When a child has a father and grandfather who are both well known
illustrators, it is likely the offspring will also become an artist. And when
a boy starts to sail at the age of six, it is also likely that the artist
might choose the sea and sailing ships as his subject. Such was the case for
Christopher Blossom, who, by the time he left the Parsons School of Design and
Robert Bourke’s Design Studio, could visualize a finished boat from only its
plans—and draw the craft from any angle. Before Blossom was twenty, he had
sailed under square rig aboard the brigantine Young America. Known for his
complex, detailed compositions of ships at sea, Blossom combines his
appreciation for the beauty and the menace of the sea with his love of
maritime history and ship construction. Before Blossom paints a vessel, he is
likely to study the ship’s blueprint to learn about it hull design, length,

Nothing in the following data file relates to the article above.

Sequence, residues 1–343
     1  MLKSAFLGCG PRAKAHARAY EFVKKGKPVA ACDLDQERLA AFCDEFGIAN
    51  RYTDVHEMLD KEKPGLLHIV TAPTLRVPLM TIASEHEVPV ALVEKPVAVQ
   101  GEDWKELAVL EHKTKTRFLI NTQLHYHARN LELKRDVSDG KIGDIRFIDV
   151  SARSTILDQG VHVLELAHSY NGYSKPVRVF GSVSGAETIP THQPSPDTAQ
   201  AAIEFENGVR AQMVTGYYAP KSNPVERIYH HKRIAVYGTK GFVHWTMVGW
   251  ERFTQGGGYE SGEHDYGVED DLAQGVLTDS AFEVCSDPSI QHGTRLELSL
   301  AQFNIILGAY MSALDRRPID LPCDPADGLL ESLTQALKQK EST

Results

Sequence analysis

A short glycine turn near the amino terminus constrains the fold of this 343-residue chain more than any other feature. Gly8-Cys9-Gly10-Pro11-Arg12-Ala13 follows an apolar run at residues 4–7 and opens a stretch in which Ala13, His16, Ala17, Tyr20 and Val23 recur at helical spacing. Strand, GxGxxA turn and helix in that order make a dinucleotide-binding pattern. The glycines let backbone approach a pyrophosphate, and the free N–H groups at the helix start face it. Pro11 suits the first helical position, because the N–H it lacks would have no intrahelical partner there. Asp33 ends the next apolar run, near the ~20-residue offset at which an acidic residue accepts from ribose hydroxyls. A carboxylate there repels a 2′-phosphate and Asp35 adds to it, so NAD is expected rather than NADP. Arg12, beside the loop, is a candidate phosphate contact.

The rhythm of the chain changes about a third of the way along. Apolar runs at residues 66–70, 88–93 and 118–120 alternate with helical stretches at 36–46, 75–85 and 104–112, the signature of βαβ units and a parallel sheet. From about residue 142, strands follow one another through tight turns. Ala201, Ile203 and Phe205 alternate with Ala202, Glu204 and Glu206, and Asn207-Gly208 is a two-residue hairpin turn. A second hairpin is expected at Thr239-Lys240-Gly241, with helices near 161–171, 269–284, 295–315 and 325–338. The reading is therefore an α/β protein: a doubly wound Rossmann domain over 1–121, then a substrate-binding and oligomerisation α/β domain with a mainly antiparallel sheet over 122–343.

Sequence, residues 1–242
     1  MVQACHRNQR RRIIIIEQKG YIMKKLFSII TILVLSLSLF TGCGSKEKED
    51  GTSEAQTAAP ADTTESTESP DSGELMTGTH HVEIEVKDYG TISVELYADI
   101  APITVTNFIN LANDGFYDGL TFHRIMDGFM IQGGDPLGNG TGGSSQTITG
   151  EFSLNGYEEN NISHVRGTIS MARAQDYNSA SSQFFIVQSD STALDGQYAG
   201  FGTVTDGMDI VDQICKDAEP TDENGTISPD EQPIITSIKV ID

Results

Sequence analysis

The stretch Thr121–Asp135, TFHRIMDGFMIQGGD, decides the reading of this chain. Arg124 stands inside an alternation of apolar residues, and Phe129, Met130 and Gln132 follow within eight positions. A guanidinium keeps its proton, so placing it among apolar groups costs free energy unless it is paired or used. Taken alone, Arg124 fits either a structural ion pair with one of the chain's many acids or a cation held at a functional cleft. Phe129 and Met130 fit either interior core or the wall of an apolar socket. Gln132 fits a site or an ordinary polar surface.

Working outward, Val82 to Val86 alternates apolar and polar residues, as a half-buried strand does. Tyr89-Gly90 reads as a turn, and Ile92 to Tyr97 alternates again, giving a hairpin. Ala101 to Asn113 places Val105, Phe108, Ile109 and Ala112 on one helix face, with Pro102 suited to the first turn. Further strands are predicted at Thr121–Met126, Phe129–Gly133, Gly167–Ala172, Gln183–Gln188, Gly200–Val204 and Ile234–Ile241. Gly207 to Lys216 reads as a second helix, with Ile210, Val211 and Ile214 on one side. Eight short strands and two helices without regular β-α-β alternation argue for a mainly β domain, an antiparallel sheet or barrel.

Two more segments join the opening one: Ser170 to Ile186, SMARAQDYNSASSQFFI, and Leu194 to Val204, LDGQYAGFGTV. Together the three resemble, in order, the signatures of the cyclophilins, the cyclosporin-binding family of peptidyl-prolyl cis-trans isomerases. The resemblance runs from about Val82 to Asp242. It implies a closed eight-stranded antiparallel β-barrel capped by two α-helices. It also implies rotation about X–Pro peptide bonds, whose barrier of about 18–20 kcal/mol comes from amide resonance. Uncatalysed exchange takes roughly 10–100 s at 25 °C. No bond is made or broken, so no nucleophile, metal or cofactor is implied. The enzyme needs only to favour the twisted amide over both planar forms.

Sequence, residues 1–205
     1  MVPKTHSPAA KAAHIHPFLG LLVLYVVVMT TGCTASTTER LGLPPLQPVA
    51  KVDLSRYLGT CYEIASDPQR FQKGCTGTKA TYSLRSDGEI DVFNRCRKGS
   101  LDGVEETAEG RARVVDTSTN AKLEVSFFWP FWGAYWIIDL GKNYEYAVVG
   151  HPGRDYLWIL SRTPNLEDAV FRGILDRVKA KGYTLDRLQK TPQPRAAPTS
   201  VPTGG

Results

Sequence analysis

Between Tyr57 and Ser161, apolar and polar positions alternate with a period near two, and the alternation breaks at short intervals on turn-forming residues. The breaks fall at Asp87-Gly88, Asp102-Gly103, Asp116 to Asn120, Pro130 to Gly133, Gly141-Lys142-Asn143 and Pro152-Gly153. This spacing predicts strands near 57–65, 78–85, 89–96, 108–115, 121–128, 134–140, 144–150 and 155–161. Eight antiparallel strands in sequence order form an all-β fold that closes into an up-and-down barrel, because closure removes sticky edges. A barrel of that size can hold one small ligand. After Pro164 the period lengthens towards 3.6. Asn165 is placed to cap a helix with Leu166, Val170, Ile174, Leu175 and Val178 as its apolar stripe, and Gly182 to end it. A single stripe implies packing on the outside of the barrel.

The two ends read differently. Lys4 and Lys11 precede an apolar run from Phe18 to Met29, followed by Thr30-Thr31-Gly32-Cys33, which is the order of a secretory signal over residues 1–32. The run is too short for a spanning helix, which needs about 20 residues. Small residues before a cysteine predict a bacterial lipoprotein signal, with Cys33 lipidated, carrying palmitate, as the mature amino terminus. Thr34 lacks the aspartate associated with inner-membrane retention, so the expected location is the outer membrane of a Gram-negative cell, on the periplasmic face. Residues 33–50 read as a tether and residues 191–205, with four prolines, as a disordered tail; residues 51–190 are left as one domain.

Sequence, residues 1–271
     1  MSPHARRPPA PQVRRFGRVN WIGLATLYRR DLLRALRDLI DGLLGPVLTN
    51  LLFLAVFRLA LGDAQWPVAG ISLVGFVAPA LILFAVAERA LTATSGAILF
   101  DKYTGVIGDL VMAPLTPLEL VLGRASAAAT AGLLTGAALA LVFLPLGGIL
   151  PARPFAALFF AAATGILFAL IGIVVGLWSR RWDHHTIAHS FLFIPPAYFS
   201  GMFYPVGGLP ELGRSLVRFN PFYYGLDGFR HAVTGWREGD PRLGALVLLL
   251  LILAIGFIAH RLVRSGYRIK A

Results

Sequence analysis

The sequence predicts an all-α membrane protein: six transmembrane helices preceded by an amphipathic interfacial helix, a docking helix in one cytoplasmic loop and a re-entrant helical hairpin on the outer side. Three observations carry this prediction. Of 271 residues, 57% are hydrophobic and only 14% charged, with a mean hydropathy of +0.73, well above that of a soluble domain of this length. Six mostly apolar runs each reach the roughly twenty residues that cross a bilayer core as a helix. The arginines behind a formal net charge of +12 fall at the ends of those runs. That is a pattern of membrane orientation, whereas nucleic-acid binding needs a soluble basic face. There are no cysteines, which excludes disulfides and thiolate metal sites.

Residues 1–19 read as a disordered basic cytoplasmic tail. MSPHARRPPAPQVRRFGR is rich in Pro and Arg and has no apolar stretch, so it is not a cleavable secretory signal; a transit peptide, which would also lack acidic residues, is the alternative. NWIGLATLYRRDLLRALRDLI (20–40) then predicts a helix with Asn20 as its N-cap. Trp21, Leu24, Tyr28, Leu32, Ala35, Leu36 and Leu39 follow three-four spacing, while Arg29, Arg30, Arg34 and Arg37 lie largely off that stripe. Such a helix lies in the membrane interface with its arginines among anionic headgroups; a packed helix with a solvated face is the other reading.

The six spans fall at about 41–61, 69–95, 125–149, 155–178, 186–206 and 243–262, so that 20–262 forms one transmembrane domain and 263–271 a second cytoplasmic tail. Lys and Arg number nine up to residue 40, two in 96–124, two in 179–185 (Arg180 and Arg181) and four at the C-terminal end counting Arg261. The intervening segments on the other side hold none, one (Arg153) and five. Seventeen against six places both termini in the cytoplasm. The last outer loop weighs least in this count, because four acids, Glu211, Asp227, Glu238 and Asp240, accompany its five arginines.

tonnage and deck layout. Blossom’s historically accurate ships and harbors
are combined with color, light and composition to capture the mood of a voyage
and convey the essence of the seafaring experience.
At the age of twenty, he won a Gold Medal at the Society of Illustrators
Scholarship Exhibition. His dual vocation of experiencing the sea and then
painting both nautical history and some of the greatest modern places to sail,
was truly launched.
Blossom became both a charter member and an artist of the American Society of
Marine Artists, serving as its president from 1983 to 1986. His awards include
a Gold Medal from the National Academy of Western Art for his painting of
in Monterey. Saluted as an undisputed master, Blossom has exhibited his art at
the Gilcrease Museum, the Colorado Museum of History, the prestigious Prix de
West Invitational and the Artists of America show. Blossom continues to
achieve artistic honors including the Robert Lougheed Memorial Award at the
2001 Prix de West.
Almost the only time he isn’t painting is when he is sailing, visiting ports
of call in Maine, Connecticut, Rhode Island, Maryland, the Bahamas, California
and Washington state. Blossom, who recently spent a year sailing around the
Caribbean with his wife and two sons says of his love, "It’s not a hobby, it’s
a way of life. When I look at the ocean, I get the same feeling pilots must
get when they look to the sky."